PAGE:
# Forced oscillation resonance frequencies [closed]

Given this forced oscillator: $$\ddot{x}+\gamma\dot{x}+\omega_0^2x=\frac{F(t)}{m}$$ Where $$F(t)$$ is: $$F(t)=\sum_{n=1}^{\infty}\frac{4F_0}{n\pi}\sin\left(\frac{2n\pi t}{T}\right) \hspace{0.4cm} \text{ for } n = 1, 3, 5, ...$$ I start with $$x_s(t)= A\sin(\omega t)+B\cos(\omega t)$$ And I solve them for A and B (see below), if I am not mistaken: $$A=\frac{F(\frac{\pi}{2\omega})}{m} \frac{\left( \omega^2-\omega^2_0\right)}{\gamma^2\omega^2+\left( \omega^2-\omega^2_0\right)} \hspace{0.2cm},\hspace{0.2cm} B=\frac{F(\frac{\pi}{2\omega})}{m} \frac{\gamma\omega}{\gamma^2\omega^2+\left( \omega^2-\omega^2_0\right)}$$

Is this solution valid?
How can I calculate the resonance frequency? Because it seems that it is not $$\omega=\omega_0$$
Is there more than one resonance frequency?

My calculations $$\dot{x}_s=\omega A\cos(\omega t)-\omega B \sin(\omega t) ~~,~~~~ \ddot{x}_s=-\omega^2 A\sin(\omega t)-\omega^2 B \cos(\omega t)$$ $$\ddot{x}+\gamma\dot{x}+\omega_0^2x=\frac{F(t)}{m}\\ \!\!\!\! =-\omega^2 A\sin(\omega t)-\omega^2 B \cos(\omega t) +\gamma\omega A\cos(\omega t)-\gamma \omega B \sin(\omega t) +\omega_0^2A\sin(\omega t)+\omega_0^2B\cos(\omega t),$$ and I solve for A and B at $$t=0$$ and $$t=\frac{\pi}{2\omega}$$.

• You can replicate the special cases in here? This is a subject covered extensively in texts. – Cosmas Zachos May 15 at 21:06
• There doesn't show a solution similar to Asin()+Bcos(). i'm asking if this could be done this way. Also, if the system is solved like this, could we find more than one resonance frequency? – Miguel NoTeimporta May 15 at 21:21
• You are mistaken in the particulars of your solution. But... after you solve the two algebraic equations right, can you guarantee that your solution works for $t=\pi/4\omega$? At other times around the circle? – Cosmas Zachos May 15 at 22:38
• – Cosmas Zachos May 16 at 16:55
• I think that part, with the Fourier series of sins, is correct. Still struggling with the resonance frequency – Miguel NoTeimporta May 16 at 17:01

Absorb the superfluous parameter m into your r.h.s. driving term, an obvious square wave with an infinity of harmonics, $$\ddot{x}+\gamma\dot{x}+\omega_0^2x= \sum_{n=1,3,5...}^{\infty}\frac{4F_0}{n\pi}\sin\left( n\omega t\right),$$ where I've defined $$\omega\equiv 2\pi/T$$, not your Ansatz parameter.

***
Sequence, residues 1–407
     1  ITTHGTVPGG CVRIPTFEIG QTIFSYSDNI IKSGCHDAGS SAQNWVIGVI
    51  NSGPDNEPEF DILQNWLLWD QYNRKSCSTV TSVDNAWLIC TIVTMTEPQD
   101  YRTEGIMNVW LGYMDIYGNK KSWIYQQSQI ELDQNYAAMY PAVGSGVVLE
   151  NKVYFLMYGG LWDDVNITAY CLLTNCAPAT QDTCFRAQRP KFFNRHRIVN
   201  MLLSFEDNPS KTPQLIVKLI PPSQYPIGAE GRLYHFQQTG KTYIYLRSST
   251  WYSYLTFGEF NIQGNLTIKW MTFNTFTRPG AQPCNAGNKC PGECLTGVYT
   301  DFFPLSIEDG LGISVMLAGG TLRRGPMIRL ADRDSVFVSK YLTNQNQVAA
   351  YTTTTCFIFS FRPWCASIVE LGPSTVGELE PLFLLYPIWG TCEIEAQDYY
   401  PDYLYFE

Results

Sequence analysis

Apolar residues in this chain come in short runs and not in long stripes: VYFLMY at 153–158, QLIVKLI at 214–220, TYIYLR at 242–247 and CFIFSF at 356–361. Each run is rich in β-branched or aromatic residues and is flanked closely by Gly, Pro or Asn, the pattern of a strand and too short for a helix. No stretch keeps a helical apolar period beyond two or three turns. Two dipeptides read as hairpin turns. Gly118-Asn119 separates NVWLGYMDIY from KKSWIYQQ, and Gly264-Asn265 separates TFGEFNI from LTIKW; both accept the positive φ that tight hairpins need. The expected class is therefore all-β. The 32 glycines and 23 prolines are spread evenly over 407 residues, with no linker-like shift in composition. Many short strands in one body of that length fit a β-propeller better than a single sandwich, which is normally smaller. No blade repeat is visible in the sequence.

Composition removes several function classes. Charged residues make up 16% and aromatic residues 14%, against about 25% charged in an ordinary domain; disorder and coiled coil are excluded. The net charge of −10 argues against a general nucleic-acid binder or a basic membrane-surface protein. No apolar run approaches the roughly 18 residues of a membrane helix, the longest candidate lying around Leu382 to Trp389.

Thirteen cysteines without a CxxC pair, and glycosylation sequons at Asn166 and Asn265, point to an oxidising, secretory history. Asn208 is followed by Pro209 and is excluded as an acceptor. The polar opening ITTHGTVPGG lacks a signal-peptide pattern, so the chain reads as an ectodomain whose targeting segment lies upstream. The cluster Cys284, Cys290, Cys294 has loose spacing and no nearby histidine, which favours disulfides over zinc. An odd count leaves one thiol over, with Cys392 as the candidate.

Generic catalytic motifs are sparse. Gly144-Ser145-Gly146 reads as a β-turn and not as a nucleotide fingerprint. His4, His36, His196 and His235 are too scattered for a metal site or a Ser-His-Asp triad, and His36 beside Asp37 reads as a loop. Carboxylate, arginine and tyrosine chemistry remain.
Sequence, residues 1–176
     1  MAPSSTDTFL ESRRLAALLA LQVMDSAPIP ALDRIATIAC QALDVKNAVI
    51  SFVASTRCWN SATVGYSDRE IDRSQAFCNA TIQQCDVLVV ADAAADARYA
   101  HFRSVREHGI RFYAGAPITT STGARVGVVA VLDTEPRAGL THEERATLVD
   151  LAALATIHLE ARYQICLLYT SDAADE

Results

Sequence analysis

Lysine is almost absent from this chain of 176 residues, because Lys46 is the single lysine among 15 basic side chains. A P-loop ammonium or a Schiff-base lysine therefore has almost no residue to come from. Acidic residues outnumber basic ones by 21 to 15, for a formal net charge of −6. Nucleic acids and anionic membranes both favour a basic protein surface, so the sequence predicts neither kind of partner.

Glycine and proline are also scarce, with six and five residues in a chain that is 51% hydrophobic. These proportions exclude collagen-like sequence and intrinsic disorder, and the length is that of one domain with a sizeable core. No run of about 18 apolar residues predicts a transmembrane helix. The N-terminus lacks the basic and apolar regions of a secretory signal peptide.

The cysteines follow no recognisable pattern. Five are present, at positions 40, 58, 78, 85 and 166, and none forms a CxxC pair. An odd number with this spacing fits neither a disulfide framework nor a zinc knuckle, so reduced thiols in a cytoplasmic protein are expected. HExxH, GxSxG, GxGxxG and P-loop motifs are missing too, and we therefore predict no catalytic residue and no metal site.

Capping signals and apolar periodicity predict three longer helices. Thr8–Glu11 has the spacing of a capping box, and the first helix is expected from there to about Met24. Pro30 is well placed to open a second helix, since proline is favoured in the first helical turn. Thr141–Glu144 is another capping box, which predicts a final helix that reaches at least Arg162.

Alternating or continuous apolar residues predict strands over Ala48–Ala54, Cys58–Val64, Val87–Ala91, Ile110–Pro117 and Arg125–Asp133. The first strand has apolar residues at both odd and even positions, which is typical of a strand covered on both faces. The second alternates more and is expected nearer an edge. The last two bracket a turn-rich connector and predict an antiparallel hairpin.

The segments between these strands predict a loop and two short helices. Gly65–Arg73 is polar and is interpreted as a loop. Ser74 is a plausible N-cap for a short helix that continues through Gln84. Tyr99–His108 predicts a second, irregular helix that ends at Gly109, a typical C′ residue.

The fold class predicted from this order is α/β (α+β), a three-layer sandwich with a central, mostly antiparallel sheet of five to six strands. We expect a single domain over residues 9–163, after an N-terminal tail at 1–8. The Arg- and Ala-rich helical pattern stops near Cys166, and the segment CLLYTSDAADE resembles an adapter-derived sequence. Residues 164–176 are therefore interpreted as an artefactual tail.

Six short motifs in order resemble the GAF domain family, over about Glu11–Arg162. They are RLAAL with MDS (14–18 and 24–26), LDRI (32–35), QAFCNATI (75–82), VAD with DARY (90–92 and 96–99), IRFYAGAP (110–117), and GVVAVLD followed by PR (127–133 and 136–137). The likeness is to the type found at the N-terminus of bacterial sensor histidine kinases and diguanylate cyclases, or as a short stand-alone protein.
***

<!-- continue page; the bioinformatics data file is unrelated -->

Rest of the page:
So you really only need solve the customary $$\ddot{x}+\gamma\dot{x}+\omega_0^2x= \frac{4F_0}{\pi}\sin\left( \omega t\right),$$ which you started doing with an ansatz of frequency ω, except for the full driving term, which cannot work. The steady-state solution is, then, taking the t=0 limit into consideration, $$x= -\frac{4F_0}{\pi}\left ( \sin(\omega t)\frac{\omega^2-\omega_0^2}{(\omega^2-\omega_0^2)^2+\gamma^2\omega^2}+ \cos(\omega t)\frac{\gamma\omega}{(\omega^2-\omega_0^2)^2+\gamma^2\omega^2} \right )\\ \equiv \frac{4F_0}{\pi\sqrt{(\omega^2-\omega_0^2)^2+\gamma^2\omega^2}}\bigl ( \sin(\omega t)\cos \phi + \cos(\omega t)\sin \phi \bigr ) \\ = \frac{4F_0}{\pi\sqrt{(\omega^2-\omega_0^2)^2+\gamma^2\omega^2}} \sin(\omega t + \phi) ~ , \leadsto \\ \bullet ~~~~~~~~\tan \phi ={ \gamma \omega\over \sqrt{(\omega^2-\omega_0^2)^2+\gamma^2\omega^2}. }~,$$ as customary.
The minimum of the square root denominator of the amplitude is at $$\omega=\sqrt{\omega_0^2-\gamma^2/2}~,$$ the resonant frequency of a single harmonic forcer. It is slightly below the natural frequency $$\omega_0$$ for weak friction.
Now repeat all this (in your mind) for a single forcing term of the form $$\frac{4F_0}{n\pi}\sin\left(n \omega t\right)$$, and add all these solutions to the above, by linearity, to get the general steady-state solution (that is, ignore the transient). Note each n will have a characteristic, different phase, and a characteristic resonance frequency at 1/n of the above resonant frequency. Each term will be suppressed by 1/n. Because of the different phases, all near π/4 at resonance, there won't be any mode-locking making these lower resonant frequencies invisible. In practice, you see the fundamental harmonic resonance slightly below $$\omega_0$$, but also the next odd harmonic resonance at somewhat below $$\omega_0/3$$ !